A very nice article to read... just to share (they say, sharing is caring), hemm!
Dear IF Reader,
In the business world, if you can’t execute, you risk losing a lot of money.
But if your ideas are flawed to begin with, no amount of skilled execution will make them work.
And the same thing applies to stocks. If you buy into a stock that has executives brimming with lousy ideas or without the acumen to execute themselves out of a paper bag, you will lose a lot of money.
One story I can tell you involves Sprint PCS (S).
I had a Sprint phone about ten years ago. The phone itself wasn’t bad, but the service it came with was the worst I ever had. I experienced multiple dropped calls. Voice mails wouldn’t show up for days. I even had to call the company every other month to argue about erroneous billing errors.
I returned the phone and cancelled the service in disgust.
Of course, I wasn’t the only one. Sprint’s stock price dropped as the company lost customers.Poor execution was costing the company. And its very ability to flip a profit was at risk. But then Sprint hired a new CEO. And he seemed to be righting the ship. Customer-feedback surveys improved. And the company started gaining subscribers.
But the good times didn’t last long.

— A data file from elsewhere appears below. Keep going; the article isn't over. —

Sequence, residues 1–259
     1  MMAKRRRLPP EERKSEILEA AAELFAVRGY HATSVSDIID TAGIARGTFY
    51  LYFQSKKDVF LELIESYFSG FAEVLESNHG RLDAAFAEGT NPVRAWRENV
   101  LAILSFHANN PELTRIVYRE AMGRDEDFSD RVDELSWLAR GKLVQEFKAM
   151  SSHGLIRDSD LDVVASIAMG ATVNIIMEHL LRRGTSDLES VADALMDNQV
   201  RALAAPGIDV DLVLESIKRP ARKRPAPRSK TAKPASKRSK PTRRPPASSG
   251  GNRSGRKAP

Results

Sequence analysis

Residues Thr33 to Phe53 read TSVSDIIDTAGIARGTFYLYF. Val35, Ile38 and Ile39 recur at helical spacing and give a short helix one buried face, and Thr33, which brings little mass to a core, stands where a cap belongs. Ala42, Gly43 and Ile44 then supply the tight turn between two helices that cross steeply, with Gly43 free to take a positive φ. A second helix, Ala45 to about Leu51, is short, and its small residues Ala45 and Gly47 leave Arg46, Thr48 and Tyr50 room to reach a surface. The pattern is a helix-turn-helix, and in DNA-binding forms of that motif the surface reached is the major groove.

You see, when you run a wireless telecom like Sprint, it costs billions of dollars to adopt new technology to improve service.
In 2006, Sprint decided that it wanted to upgrade its third generation (or 3G) wireless data network with a fledgling 4G technology called WiMAX. It would cost $2.5 billion to upgrade its towers across the U.S. Now, that’s a lot of money. But, if successful, it would put Sprint ahead of competitors like Verizon and AT&T Wireless. They weren’t planning on rolling out 4G for years.
But things never panned out the way Sprint expected. As soon as it started the rollout, WiMAX was plagued with problems.
First, network performance was never stable. If you drove down the strip in Las Vegas, download speeds would vary from 1-2mbps (slower than 3G) to 11-12mbps (which is similar to a cable Internet connection). Even my sister-in-law, who uses Sprint’s wireless data service, complains about how slow her connection is indoors.
The mixed reviews Sprint’s 4G network received didn’t encourage consumers to adopt its technology.
Second, phones that ran on WiMAX were hard to come by. Manufacturers didn’t want to waste money making them, especially if consumers weren’t willing to buy. So fewer phones were made. And the ones that did hit the store shelves suffered from battery drain problems.
Third, the entire industry began moving to a better 4G technology called LTE, which promises faster speeds than WiMAX and a steadier download rate. Sprint now finds itself behind the curve. If it doesn’t adopt the new 4G technology, it will be saddled with an inferior service… and lose money as a result.
In essence, Sprint’s investment turned into a massive waste of cash. This makes WiMAX the worst idea the company’s executives ever came up with. The execs should have known better. After all, even in 2006 most telecom companies understood that WiMAX had some potentially disastrous problems.
Now reports are hitting the wire that Sprint will abandon its WiMAX technology and upgrade to LTE. Can you believe this? It will push Sprint’s spending projections through 2013 from $3 billion all the way up to $10 billion!